Item taken from Rashan Charles’ throat ‘did not contain controlled substance’
PUBLISHED: 07:41 03 August 2017 | UPDATED: 10:00 04 August 2017
An object removed from the throat of Rashan Charles after a police chase in Dalston “did not contain a controlled substance”, according to forensic analysis.
Unverified footage appeared to show at least one officer attempting to restrain 20-year-old Mr Charles on the floor of Yours Locally in Kingsland Road on July 22. He later died in hospital.
His death sparked violent clashes with police in Dalston on Friday, as demonstrators hurled bottles and fireworks at officers.
The Independent Police Complaints Commission (IPCC) watchdog, which is investigating the events leading to Mr Charles’ death, said: “The IPCC has now received results of forensic analysis of an object that was removed from Rashan’s airway by paramedics. The object did not contain a controlled substance.”
The IPCC said its investigation into the circumstances of Mr Charles’s death following contact with officers is “ongoing and making good progress”. It added: “Our independent investigation is thoroughly examining all aspects of police interaction with Rashan prior to his death and has already undertaken a large number of investigative actions.”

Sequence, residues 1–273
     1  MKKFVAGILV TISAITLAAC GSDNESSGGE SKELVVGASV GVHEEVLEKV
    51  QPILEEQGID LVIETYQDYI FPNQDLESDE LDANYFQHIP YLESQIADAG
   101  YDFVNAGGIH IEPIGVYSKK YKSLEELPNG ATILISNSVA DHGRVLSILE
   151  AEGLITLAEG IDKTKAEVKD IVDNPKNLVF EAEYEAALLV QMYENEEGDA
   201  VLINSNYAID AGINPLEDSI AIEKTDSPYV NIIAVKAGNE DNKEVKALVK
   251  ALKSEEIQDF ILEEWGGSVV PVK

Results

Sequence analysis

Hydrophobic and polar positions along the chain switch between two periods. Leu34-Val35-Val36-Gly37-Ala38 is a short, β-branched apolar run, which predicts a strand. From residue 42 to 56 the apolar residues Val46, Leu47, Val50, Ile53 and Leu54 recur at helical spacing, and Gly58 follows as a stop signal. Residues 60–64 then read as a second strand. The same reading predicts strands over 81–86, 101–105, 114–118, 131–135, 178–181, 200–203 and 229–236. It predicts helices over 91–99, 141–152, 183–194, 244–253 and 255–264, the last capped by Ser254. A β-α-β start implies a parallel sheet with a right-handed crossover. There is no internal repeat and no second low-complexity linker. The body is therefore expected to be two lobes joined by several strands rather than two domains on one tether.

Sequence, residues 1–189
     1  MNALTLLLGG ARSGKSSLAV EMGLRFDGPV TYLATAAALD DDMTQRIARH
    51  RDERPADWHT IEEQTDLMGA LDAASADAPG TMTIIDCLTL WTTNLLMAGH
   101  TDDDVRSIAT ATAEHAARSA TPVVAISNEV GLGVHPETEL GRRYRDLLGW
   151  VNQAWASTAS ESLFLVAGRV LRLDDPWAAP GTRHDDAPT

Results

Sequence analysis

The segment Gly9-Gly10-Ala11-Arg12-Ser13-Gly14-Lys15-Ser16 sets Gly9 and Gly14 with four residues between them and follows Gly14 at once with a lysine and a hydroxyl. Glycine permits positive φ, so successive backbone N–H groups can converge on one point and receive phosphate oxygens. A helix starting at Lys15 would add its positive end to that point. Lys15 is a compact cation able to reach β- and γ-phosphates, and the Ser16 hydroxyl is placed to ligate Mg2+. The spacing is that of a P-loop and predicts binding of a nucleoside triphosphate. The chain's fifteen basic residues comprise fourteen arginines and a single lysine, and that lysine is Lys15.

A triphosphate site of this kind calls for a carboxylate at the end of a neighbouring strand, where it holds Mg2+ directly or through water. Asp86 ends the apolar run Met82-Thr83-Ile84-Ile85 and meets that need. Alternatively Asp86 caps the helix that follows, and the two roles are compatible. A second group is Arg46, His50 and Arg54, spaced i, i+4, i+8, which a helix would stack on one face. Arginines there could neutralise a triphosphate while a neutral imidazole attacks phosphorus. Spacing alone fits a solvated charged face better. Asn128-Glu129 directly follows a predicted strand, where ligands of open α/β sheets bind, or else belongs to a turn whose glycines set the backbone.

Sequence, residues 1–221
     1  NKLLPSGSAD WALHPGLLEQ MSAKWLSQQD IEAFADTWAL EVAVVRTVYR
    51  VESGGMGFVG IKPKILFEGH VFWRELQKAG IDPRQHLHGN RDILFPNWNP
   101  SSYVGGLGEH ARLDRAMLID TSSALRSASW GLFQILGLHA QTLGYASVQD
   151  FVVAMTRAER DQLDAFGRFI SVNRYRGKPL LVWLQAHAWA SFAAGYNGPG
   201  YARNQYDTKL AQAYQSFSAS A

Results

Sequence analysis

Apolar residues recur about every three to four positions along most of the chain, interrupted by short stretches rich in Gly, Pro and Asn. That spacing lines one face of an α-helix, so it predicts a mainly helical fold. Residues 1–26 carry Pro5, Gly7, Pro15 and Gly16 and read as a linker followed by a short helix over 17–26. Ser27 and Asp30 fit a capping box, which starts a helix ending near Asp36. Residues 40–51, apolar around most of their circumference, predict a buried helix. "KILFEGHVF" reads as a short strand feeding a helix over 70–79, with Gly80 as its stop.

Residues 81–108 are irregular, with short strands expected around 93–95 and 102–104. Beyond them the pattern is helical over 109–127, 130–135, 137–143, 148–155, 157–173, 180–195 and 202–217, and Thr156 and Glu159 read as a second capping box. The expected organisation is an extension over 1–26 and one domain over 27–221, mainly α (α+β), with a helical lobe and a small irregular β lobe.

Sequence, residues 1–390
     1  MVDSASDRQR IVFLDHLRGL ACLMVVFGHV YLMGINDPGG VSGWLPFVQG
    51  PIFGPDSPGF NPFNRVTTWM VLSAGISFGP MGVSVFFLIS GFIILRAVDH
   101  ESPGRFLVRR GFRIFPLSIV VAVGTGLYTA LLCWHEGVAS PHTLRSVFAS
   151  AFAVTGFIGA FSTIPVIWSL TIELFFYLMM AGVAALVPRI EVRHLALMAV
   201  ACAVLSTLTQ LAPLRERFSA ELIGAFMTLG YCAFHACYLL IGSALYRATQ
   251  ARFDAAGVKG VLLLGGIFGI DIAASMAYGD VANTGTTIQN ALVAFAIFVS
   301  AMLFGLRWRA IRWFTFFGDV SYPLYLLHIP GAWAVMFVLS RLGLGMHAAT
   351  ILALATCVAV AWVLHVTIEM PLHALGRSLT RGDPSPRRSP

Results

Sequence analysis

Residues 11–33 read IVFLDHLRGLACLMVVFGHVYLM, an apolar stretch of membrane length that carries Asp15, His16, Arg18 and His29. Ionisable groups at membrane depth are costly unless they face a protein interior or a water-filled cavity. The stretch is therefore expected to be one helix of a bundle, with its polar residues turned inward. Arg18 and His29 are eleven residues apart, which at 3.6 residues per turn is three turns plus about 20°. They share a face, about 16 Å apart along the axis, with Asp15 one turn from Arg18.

The watchdog said its staff met Mr Charles’s family yesterday afternoon to update them with the results of the analysis.
Weyman Bennett, co-convenor at Stand Up To Racism, said: “We now know that the initial statements put out at the time of Rashan’s death were misleading or outright lies. Justification for his death looks increasingly at the hands of those people that forcibly restrained him.
“The attempt to smear Rashan as somebody involved in drugs was an attempt to assassinate his character. We hold the police wholly responsible for these false statements that were put out, and we demand justice for Rashan.”
Mr Charles’s family made a fresh plea for “peace on the streets” following Friday’s violent clashes.
Demonstrators blocked Kingsland Road in Hackney with wheelie bins, mattresses and debris on Friday afternoon. Bottles and fireworks were later thrown at officers as anger bubbled over into the night.
Outside Stoke Newington police station on Saturday, his father Esa gathered with the family of Edson Da Costa – who died in June, six days after being detained by police – for a vigil organised by Stand Up To Racism.
Reporting by Press Association